1

I'm developing an app (using Flutter) that has a model that contains most of the business logic, and a view that displays the user interface. The model can call notifyListeners to inform the view that some data in the model has changed, and the UI should be rebuilt.

I currently keep track of the status of some pieces of data in the model using flags that indicate wether the data is in an OK, ERROR or LOADING state.

Simplified example:

class ContactModel{

  int contactListState = OK; // OK/ERROR/LOADING are int constants
  List<String> contacts = [];


  Future<void> fetchContactList(){
    contactListState = LOADING;
    notifyListeners();
    
    bool success = false;
    // Make some API call, which may or may not succeed

    contactListState = success ? OK : ERROR;
    notifyListeners();     
  }
}

The UI would display a spinner when contactListState==LOADING or an error indicator when contactListState==ERROR.

This all works fine, BUT... now I want to display more fine grained error messages to the user about what exactly went wrong. There are a few possibilities:

  1. return Future<String> instead of Future<void>, returning a user friendly error message.
  2. store the last error message just like the state, i.e. add the member String contactListErrorMessage.
  3. throw an exception in the model, possibly containing a user friendly error message, catch it where I made the call and display the error message to the user.

Each have their pros and cons:

  1. Simple and easy to understand, but becomes more complex if I actually wanted to return something useful from the method on success.
  2. Kind of makes sense in that it is similar to the existing flag contactListState. But how long should an error message "live"? Who is responsible for clearing it? Not to mention the amount of members needed as the model grows.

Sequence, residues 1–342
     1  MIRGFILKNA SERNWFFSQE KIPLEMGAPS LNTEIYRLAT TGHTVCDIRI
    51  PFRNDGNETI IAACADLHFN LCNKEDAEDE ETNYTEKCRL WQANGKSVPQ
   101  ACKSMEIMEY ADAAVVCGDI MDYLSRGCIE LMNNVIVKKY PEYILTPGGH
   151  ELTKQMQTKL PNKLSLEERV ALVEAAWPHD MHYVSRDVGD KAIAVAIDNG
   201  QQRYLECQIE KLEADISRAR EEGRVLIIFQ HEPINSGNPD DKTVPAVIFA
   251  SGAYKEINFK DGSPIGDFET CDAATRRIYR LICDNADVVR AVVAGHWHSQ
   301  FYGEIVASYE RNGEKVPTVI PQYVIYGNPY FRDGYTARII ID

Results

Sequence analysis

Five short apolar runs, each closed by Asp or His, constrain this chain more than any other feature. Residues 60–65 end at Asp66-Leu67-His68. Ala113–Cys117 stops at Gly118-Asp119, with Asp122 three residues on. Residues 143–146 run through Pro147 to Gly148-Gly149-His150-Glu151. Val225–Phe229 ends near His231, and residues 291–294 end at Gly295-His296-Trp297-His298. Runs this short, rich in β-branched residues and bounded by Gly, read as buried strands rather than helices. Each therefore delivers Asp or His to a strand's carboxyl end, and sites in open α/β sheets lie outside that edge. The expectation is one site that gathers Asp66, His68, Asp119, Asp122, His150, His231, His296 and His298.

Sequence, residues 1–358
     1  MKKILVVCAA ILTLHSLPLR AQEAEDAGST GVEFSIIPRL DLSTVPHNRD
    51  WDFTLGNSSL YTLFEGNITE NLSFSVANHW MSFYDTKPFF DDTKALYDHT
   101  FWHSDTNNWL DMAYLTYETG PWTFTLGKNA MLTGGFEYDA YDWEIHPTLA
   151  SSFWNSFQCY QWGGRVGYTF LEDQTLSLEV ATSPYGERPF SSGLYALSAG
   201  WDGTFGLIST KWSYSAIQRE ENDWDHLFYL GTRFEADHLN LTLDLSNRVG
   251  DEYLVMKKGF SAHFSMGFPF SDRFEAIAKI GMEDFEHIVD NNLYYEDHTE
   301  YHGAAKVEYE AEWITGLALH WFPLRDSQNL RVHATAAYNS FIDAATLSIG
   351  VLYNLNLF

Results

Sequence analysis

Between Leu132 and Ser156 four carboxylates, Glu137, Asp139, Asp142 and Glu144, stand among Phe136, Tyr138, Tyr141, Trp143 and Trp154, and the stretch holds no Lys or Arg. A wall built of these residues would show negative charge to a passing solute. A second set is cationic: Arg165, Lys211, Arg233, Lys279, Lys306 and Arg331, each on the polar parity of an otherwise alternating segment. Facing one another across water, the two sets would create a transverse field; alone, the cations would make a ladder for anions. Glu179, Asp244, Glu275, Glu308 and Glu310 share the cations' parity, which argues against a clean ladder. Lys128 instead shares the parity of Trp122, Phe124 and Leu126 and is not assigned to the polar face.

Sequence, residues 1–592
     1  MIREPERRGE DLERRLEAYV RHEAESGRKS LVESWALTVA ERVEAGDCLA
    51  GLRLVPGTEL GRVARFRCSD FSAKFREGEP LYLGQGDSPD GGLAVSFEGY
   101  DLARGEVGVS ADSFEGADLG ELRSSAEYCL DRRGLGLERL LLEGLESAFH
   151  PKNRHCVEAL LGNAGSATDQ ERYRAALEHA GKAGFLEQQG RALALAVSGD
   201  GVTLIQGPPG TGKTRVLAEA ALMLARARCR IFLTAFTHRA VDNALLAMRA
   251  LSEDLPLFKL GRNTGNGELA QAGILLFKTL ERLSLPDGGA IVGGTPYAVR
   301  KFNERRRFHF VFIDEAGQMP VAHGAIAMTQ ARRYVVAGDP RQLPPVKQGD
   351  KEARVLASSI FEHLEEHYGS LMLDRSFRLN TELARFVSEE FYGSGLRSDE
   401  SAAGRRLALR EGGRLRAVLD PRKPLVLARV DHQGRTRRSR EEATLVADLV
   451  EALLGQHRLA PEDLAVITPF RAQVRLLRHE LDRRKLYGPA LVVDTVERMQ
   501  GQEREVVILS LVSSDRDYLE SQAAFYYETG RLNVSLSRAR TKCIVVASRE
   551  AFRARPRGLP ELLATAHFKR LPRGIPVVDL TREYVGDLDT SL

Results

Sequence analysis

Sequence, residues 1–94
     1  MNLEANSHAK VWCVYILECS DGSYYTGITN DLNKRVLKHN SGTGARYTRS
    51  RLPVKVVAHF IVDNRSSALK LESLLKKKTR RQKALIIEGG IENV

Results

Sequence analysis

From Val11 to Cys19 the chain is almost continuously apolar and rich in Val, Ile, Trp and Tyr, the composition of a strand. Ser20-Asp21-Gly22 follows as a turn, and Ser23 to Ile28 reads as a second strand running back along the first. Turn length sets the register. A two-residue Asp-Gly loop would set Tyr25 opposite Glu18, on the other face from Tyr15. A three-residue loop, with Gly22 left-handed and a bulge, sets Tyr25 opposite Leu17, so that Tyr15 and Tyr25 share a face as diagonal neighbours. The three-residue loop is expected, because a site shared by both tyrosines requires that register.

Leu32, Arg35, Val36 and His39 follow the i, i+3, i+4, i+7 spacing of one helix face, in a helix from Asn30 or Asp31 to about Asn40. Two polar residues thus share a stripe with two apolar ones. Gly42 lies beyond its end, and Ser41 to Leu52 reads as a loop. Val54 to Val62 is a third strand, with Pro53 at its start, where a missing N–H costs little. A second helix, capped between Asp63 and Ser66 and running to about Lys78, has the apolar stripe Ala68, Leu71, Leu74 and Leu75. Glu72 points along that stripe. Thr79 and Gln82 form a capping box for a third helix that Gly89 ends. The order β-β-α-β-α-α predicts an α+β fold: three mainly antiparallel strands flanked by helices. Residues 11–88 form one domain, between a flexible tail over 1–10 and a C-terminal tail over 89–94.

3. Makes for easier logic in the model, but probably more complex logic in the view instead. For example, one would need to add a stateful variable to store the error message in the view, so it doesn't disappear on the next UI rebuild.

What is the most common way to solve this kind of error message handling? Are there any additional pros/cons that make any of the options a clear winner?

2

There is a fundamental decision here that has locked you into this design. Your model is always available and known to everything. This has forced you to make your model mutable.

Instead, you could design a system where most or your models are immutable response models that only exist once fully “loaded”. These models data would never be out of sync with their state flag, making them thread safe, easier to read, and easier to debug.

Models that are still loading would be safe from being read because nothing that reads will know they exist yet.

Now errors would still happen but since you control what is called when loading is finished you can call something that specializes in that result/error. This is usually better than throwing every possible result at one target. This way keeps the targets simple.

Not that your way won’t work. It just comes with problems you may wish to avoid.

Your Answer

By clicking “Post Your Answer”, you agree to our terms of service, privacy policy and cookie policy

Not the answer you're looking for? Browse other questions tagged or ask your own question.